March 16th, 2019
The Friends of Metro Parks were met with bright blue skies, brilliant sunshine, and the first taste of spring for a Friends Only hike at Chestnut Ridge Metro Park. Naturalist Greg Wittman gave a quick overview of the “end of winter” hike we were about to embark on, and 32 Friends took off up the ridge.
One of the most exciting parts of a Friends of Metro Parks membership is the access to some exclusive opportunities. Chestnut Ridge is open to the public every day, but it’s not every day that there is a guided hike with a naturalist to provide insight into the history and ecology of the park, and it’s not every day that you get access to some of the parks lesser-known features.
The Friends filed down, off-trail, to an old sandstone quarry, that normally remains unnoticed from the regular trails vantage point. Greg Wittman, the Naturalist guiding our hike, called attention to the iron deposits within the sandstone, and told us about the time when he followed the path of a bobcat into the quarry, through thorns and over rocks and to eventually find more evidence that a big animal had definitely been in the area recently.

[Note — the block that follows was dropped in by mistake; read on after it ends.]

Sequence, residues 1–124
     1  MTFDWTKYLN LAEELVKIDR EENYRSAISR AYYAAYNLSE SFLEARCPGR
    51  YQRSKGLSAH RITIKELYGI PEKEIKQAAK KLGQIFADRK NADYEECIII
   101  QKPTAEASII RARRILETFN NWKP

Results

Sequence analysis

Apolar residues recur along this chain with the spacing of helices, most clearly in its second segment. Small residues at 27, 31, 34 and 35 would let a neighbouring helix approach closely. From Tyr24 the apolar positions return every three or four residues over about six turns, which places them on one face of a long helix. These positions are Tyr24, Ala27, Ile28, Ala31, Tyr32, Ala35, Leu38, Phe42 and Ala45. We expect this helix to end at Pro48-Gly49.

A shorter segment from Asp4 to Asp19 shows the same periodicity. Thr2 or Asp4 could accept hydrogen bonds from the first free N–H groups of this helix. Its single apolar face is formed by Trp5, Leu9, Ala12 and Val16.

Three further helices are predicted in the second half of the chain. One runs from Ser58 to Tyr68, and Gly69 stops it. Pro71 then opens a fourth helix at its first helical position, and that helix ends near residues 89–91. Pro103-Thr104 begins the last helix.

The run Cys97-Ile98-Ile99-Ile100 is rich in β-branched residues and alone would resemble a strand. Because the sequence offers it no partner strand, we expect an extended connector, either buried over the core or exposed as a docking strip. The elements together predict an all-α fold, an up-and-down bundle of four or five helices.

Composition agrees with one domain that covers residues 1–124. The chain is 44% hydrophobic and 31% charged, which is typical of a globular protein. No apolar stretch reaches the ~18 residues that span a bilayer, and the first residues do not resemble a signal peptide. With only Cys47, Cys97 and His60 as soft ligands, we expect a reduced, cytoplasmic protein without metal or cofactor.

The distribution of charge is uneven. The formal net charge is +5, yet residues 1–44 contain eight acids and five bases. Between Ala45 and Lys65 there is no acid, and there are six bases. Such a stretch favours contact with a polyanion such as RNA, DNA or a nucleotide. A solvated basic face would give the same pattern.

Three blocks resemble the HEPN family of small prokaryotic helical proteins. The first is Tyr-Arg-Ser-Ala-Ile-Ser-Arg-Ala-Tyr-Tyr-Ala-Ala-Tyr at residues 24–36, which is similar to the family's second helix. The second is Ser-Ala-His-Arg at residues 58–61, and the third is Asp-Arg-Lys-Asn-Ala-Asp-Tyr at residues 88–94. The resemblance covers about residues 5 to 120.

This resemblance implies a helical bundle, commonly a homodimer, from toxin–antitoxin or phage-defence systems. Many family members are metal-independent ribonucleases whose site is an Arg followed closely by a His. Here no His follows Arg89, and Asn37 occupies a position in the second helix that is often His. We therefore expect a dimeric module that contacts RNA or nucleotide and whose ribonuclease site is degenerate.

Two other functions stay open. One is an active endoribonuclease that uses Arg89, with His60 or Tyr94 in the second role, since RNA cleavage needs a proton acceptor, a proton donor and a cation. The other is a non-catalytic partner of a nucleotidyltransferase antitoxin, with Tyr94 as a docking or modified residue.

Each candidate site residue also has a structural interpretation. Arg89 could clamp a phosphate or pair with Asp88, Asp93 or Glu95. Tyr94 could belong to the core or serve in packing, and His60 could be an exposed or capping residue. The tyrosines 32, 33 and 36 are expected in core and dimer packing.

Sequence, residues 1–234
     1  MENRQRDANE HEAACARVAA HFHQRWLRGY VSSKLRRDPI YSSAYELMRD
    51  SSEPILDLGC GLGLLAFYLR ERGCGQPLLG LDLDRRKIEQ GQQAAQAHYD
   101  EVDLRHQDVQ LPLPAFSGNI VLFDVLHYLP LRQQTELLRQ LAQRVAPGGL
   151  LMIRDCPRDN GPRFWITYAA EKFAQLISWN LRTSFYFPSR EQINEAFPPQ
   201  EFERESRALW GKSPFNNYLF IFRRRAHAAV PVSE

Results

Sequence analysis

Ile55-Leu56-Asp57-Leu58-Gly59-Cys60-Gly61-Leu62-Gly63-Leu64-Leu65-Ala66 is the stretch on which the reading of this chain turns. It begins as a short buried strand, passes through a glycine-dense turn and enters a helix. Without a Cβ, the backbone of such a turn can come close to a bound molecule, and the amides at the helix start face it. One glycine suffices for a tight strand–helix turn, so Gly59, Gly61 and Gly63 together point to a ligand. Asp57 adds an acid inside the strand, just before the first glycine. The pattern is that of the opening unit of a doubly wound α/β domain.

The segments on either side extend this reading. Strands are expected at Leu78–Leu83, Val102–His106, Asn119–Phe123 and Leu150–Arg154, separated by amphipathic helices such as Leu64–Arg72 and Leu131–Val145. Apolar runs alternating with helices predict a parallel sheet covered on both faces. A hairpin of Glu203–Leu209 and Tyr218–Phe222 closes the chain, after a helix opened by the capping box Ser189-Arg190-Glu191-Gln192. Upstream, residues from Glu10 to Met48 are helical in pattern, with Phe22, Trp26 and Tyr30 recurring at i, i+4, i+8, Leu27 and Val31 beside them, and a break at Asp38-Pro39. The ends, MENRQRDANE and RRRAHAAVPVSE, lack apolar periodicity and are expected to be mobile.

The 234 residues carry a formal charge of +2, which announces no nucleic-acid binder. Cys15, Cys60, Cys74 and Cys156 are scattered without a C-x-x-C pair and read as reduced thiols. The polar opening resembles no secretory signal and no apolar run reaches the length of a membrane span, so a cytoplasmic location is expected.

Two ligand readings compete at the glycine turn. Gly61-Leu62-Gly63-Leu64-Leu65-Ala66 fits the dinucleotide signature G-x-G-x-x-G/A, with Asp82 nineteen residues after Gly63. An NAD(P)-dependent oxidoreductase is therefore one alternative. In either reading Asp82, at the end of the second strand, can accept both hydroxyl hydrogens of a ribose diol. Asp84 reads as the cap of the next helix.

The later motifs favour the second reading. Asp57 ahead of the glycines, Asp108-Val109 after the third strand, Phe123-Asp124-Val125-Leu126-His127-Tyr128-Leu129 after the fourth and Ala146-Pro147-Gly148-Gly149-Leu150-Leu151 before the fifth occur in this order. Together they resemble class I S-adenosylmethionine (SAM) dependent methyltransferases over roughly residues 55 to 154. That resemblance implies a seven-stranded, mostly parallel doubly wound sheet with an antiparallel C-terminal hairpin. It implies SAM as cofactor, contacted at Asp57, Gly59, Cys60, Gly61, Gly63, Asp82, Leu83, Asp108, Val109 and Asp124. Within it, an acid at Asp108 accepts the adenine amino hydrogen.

We scrambled out of the quarry, one by one, and continued up the hill to the “concrete henge” of Chestnut Ridge, where a water tower used to sit back when the land was used as an apple orchard.
Onward up the hill, we came to a clearing where the farmhouse stood, but all that was left was a brick foundation and traces of the life that was once lived there. Looking out over the fresh sprouts of what would soon be daffodils was that iconic “Chestnut Ridge” picture. Beautiful, even at the very end of winter, with the promise of spring just a few weeks away.
We ended this hike at the docks overlooking the pond, invigorated by the crisp end-of-winter air, warmed by the spring sunshine, and excited for what the Friends have in store for the rest of the year.